On the EPA test cycle the Continental FWD 2.7 twin-turbo V6 gets better fuel mileage than the Stinger GT RWD V6 (18 city/27 hwy vs. 17 city/25 hwy).

The Continental has 2.1 gallons more fuel capacity than the Stinger (18 vs. 15.9 gallons), for longer range between fill-ups.

The Continental has a standard cap-less fueling system. The fuel filler is automatically opened when the fuel nozzle is inserted and automatically closed when it’s removed. This eliminates the need to unscrew and replace the cap and it reduces fuel evaporation, which causes pollution. The Stinger doesn’t offer a cap-less fueling system.

Brakes and Stopping

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For better stopping power the Continental’s brake rotors are larger than those on the Stinger:

Continental

Stinger GT-Line

Stinger GT

Front Rotors

13.9 inches

12.6 inches

13.8 inches

Rear Rotors

13.6 inches

12.4 inches

13.4 inches

In an emergency stopping situation, many drivers don’t press the brakes with enough force to stop the vehicle in the shortest distance. The Continental has a standard Panic Brake Assist to detect emergency braking situations (by how hard and how quickly the brake pedal is pressed) and then automatically apply maximum braking immediately in order to help prevent a collision. The Stinger doesn’t offer a brake assist feature.

The Continental stops much shorter than the Stinger:

Continental

Stinger

70 to 0 MPH

170 feet

182 feet

Car and Driver

60 to 0 MPH

118 feet

126 feet

Motor Trend

Tires and Wheels

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For better traction, the Continental has larger standard tires than the Stinger (235/50R18 vs. 225/45R18). The Continental Select/Reserve’s tires are larger than the largest tires available on the Stinger (255/45R19 vs. 225/40R19).

For better ride, handling and brake cooling the Continental Select/Reserve offers optional 20-inch wheels. The Stinger’s largest wheels are only 19-inches.

Suspension and Handling

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The Continental’s drift compensation steering can automatically compensate for road conditions which would cause the vehicle to drift from side to side, helping the driver to keep the vehicle straight more easily. The Stinger doesn’t offer drift compensation steering.

For a smoother ride and more stable handling, the Continental’s wheelbase is 3.5 inches longer than on the Stinger (117.9 inches vs. 114.4 inches).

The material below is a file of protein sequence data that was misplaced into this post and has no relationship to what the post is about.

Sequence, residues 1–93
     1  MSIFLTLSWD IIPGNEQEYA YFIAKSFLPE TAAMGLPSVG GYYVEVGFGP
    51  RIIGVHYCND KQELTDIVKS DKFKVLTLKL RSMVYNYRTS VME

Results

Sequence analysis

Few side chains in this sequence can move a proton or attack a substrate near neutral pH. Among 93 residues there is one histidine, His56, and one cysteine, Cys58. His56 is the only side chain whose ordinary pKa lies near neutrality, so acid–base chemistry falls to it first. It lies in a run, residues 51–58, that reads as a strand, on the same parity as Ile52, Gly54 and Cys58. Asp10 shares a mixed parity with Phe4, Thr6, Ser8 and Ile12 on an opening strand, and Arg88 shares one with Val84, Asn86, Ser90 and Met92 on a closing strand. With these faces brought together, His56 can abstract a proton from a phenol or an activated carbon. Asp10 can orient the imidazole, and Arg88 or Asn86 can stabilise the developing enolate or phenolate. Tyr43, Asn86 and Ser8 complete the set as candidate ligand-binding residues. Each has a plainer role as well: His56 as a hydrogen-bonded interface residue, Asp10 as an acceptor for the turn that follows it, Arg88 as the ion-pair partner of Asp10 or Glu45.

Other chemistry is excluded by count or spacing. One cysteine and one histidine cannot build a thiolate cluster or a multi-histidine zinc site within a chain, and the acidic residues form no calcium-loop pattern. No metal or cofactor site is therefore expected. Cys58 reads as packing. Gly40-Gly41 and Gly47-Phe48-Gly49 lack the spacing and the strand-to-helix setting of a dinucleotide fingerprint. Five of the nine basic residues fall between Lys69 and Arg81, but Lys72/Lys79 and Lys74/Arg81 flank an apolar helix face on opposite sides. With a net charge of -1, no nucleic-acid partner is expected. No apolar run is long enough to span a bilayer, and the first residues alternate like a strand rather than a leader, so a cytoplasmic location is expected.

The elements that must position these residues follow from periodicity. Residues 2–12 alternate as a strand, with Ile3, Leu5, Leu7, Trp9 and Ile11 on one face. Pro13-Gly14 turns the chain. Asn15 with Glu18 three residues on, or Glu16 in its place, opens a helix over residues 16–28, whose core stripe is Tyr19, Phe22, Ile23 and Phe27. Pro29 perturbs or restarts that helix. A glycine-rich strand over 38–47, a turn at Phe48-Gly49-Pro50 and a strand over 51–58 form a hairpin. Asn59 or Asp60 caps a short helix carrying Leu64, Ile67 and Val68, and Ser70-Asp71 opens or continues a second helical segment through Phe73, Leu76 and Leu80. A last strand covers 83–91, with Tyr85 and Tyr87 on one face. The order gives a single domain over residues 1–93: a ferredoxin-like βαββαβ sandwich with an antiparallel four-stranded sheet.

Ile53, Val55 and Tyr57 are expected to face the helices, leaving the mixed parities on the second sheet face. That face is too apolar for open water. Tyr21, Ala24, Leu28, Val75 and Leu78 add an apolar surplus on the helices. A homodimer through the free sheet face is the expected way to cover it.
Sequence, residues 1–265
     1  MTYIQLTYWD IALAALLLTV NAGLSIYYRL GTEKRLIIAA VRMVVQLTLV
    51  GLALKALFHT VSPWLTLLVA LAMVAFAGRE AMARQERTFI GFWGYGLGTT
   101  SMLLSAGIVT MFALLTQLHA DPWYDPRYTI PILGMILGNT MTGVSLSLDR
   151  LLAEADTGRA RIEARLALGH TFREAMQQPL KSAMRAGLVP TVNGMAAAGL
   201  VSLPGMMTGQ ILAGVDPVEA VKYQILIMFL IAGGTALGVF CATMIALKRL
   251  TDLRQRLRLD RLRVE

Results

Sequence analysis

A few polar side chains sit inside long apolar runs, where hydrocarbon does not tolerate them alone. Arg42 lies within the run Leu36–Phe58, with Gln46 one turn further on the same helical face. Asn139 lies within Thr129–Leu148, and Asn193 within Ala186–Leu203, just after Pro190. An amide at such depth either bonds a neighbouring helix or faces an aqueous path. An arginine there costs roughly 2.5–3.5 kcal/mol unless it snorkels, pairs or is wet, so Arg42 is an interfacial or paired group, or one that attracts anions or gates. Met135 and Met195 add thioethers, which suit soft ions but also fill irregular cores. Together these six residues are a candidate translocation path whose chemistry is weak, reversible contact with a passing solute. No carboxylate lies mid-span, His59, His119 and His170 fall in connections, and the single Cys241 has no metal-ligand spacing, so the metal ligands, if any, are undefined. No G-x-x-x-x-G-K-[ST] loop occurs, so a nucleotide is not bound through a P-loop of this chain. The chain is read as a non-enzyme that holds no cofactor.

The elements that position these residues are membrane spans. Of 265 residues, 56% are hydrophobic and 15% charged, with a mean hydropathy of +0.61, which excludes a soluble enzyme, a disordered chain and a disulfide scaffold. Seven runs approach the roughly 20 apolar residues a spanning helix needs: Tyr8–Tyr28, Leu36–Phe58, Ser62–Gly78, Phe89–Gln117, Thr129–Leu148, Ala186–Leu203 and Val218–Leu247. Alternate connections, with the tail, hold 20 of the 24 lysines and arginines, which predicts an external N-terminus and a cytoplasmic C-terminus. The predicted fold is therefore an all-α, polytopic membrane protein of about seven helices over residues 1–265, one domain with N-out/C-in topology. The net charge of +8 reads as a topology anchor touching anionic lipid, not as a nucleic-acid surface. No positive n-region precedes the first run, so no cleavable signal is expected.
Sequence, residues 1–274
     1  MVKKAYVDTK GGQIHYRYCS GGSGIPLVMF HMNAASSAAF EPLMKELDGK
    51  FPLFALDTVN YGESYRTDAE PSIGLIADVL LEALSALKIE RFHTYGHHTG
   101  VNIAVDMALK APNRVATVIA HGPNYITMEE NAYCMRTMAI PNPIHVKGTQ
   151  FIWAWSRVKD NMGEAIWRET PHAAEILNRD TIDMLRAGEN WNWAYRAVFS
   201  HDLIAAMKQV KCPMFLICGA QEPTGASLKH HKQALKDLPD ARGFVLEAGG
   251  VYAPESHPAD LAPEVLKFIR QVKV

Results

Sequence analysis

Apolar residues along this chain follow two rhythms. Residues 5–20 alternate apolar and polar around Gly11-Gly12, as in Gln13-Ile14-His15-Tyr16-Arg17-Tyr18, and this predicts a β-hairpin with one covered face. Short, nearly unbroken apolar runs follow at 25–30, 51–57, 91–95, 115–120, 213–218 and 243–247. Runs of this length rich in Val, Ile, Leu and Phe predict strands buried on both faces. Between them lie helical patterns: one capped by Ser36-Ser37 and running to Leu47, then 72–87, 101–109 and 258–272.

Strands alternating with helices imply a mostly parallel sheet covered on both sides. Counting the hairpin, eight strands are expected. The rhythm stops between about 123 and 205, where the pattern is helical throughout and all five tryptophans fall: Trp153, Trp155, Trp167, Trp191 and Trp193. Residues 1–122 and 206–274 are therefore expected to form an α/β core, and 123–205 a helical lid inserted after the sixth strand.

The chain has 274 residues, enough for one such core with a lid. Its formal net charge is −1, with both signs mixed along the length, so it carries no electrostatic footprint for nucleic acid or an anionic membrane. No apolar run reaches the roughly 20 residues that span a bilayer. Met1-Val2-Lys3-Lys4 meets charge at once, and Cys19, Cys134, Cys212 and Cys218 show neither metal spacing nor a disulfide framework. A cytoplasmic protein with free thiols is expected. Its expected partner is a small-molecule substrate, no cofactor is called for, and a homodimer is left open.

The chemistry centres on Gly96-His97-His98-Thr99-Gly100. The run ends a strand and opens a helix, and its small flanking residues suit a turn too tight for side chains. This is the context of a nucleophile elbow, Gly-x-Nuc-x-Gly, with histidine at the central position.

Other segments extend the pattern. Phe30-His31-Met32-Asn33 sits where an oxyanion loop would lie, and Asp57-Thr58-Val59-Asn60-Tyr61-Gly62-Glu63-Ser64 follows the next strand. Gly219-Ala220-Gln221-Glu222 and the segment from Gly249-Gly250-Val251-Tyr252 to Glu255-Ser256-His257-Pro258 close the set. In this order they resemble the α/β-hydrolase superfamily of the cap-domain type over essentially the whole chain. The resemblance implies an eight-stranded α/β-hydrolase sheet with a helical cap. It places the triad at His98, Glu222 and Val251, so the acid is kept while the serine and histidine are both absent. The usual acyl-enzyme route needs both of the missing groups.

The Continental Black Label AWD executes Motor Trend’s “Figure Eight” maneuver quicker than the Stinger (26.1 seconds @ .7 average G’s vs. 26.8 seconds @ .67 average G’s).

Chassis

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The front grille of the Continental uses electronically controlled shutters to close off airflow and reduce drag when less engine cooling is needed. This helps improve highway fuel economy. The Stinger doesn’t offer active grille shutters.

The Continental uses computer-generated active noise cancellation to help remove annoying noise and vibration from the passenger compartment, especially at low frequencies. The Stinger doesn’t offer active noise cancellation.

As tested by Car and Driver, the interior of the Continental Reserve AWD is quieter than the Stinger GT2:

Continental

Stinger

At idle

37 dB

39 dB

Full-Throttle

73 dB

84 dB

70 MPH Cruising

67 dB

71 dB

Passenger Space

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Because it has more passenger and cargo room, the EPA rates the Continental a Large car, while the Stinger is rated a Mid-size.

The Continental has 12.6 cubic feet more passenger volume than the Stinger (106.4 vs. 93.8).

The Continental has 1 inch more front headroom, 1.8 inches more front legroom, .4 inches more front hip room, 1.9 inches more front shoulder room, .7 inches more rear headroom, 4.9 inches more rear legroom and 1.1 inches more rear shoulder room than the Stinger.

For enhanced passenger comfort on long trips the Continental Reserve/Black Label’s available rear seats recline. The Stinger’s rear seats don’t recline.